Since January 2021, farmers interested in purchasing new calf-rearing equipment could apply for grant aid under TAMS II.

The inclusion of calf-rearing equipment under TAMS followed on from the period where calf feeding and rearing equipment was funded through a standalone grant scheme called the Calf Investment Scheme.

While this original scheme funded a range of equipment, TAMS now only funds two items of calf feeding equipment; computerised calf feeders and a milk cart with mixer.

Reference costs have remained unchanged since the original Calf Investment Scheme was announced in February 2020.

The reference costs, excluding VAT for a computerised calf feeder, is €7,541 plus €1,535 per feed station. So the reference costs for a two-station computerised feeder is €10,610, while the reference cost for a four station feeder is €13,680.

The reference cost for a milk cart with mixer is €185, plus €6.55 for every litre of capacity in the tanker.

These reference costs are the ceiling on which grant aid can be claimed. Even if the equipment purchased costs more than these reference costs, the reference costs are what the Department of Agriculture will use to determine the rate of grant aid.

Under TAMS II, the maximum rate of grant aid is 40%, or 60% in the case of a young trained farmer. If the cost of the items comes in lower than the reference costs, then the grant will be paid at a rate based on the lower costs.

The maximum investment ceiling under TAMS II is €80,000 per individual or €160,000 in the case of a registered farm partnership with two or more partners.

While this ceiling won’t be hit when claiming under calf-rearing equipment, it could be hit if prior TAMS funding was claimed.

The exception to this is where funding was claimed under the Low Emission Slurry Scheme as investment under this scheme doesn’t count towards the investment ceiling.

The minimum amount of investment which is eligible for grant aid is €2,000. As many milk carts will fall under this, it may be necessary to apply for more than one item when filling in the application.

However, it’s important to highlight that if using an agent to apply for the TAMS II grant, it could cost up to €400 to get the application in, which will obviously have a big effect on the value of any grant.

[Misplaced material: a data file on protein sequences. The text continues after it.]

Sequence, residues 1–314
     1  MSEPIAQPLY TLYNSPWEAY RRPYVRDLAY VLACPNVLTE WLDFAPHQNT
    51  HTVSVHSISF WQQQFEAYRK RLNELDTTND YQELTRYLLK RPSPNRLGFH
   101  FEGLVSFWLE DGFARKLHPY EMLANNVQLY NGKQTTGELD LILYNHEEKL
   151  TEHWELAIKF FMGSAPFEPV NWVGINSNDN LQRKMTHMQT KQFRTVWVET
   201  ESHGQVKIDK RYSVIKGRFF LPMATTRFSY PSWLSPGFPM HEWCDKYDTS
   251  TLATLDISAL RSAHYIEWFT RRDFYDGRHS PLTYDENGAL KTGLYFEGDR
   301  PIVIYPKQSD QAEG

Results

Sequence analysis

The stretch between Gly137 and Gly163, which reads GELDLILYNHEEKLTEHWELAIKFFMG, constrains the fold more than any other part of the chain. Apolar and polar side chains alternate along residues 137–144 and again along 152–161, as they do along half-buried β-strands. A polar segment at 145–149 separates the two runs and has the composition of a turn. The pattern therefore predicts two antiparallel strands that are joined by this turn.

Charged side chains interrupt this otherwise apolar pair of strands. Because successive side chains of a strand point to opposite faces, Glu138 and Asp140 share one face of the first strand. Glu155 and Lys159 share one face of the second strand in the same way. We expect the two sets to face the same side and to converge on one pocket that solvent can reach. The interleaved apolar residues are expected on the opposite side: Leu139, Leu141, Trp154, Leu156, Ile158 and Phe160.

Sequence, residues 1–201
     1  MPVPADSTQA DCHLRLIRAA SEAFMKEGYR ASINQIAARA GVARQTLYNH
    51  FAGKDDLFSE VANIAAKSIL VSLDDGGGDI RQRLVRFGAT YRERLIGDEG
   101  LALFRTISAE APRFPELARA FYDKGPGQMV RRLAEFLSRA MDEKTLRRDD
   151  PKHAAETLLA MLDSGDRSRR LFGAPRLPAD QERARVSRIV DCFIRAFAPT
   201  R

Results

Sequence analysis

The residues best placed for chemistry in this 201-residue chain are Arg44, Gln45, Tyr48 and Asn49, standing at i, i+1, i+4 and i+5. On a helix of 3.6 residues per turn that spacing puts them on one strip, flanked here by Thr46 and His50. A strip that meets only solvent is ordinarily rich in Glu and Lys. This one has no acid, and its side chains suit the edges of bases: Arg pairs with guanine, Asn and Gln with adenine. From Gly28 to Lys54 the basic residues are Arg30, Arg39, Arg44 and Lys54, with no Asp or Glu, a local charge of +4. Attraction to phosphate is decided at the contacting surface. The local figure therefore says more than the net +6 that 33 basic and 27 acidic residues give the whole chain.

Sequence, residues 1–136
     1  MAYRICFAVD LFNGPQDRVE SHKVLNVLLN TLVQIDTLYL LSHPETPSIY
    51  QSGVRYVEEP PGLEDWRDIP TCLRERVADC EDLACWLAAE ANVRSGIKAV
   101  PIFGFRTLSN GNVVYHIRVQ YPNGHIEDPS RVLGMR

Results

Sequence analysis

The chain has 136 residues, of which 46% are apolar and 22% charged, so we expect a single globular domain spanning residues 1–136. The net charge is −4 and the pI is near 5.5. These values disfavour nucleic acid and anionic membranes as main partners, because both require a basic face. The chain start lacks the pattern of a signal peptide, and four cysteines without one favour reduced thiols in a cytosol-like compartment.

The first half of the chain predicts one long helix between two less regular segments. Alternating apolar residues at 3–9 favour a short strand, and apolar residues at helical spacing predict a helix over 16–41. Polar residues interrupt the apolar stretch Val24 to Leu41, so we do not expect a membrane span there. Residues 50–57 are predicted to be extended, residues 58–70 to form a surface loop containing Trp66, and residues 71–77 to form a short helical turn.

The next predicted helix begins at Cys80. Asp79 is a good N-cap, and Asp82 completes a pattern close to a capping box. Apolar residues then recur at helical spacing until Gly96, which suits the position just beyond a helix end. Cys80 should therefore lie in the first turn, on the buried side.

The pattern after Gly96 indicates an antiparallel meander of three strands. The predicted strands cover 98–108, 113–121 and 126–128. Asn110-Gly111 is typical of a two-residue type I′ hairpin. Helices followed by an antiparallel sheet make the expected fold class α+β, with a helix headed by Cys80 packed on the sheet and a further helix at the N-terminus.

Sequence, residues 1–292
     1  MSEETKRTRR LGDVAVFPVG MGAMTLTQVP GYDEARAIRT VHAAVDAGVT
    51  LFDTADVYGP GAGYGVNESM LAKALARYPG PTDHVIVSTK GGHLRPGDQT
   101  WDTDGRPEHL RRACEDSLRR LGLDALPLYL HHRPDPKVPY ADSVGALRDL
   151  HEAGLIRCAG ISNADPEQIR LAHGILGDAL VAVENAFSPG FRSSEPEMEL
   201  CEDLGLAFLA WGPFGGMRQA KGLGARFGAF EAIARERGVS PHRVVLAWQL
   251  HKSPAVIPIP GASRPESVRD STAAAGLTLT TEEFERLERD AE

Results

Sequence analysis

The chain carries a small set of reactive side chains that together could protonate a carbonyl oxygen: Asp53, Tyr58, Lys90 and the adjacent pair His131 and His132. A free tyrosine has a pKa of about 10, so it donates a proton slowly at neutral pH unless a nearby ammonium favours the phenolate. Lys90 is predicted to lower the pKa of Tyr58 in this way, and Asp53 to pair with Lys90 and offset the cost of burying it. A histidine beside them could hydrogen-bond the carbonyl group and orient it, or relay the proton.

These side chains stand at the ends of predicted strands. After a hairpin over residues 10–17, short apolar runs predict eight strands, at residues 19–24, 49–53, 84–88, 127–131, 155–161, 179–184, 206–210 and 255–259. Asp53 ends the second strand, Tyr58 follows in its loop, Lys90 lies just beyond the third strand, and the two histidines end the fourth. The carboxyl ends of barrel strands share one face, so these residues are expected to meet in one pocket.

If a two-station computerised calf feeder costs, say, €10,000 excluding VAT, it falls below the reference cost so a 40% grant can be claimed, meaning the net cost to the farmer of installing the feeder will be €6,000 excluding VAT.

If a four-station feeder costs €16,000 excluding VAT, the farmer can claim a maximum grant of €5,472, meaning the total cost of installing the feeder will be €10,528. In this instance, the cost of the machine is higher than the reference cost of €13,680.

If a 170-litre milk cart with mixer costs €1,500 including VAT and the farmer qualifies for a 40% grant, the most that can be claimed is €462. This is because the reference cost for this type of machine is €1,299, excluding VAT, but the actual cost of the machine is €1,155, excluding VAT at 23%. Therefore, the grant can only be claimed on the lower amount, which is 40% of €1,155. In this case, the VAT cannot be reclaimed as it’s not a fixed item.

In brief

  • TAMS grants are available for computerised calf feeders and milk carts with mixers.
  • The rate of payment is based on reference costs, investment ceilings and applicant’s age.
  • There was no change to reference costs of calf-rearing equipment during the July review.
  • The amount of grant aid that can be claimed under the milk cart investment is relatively small.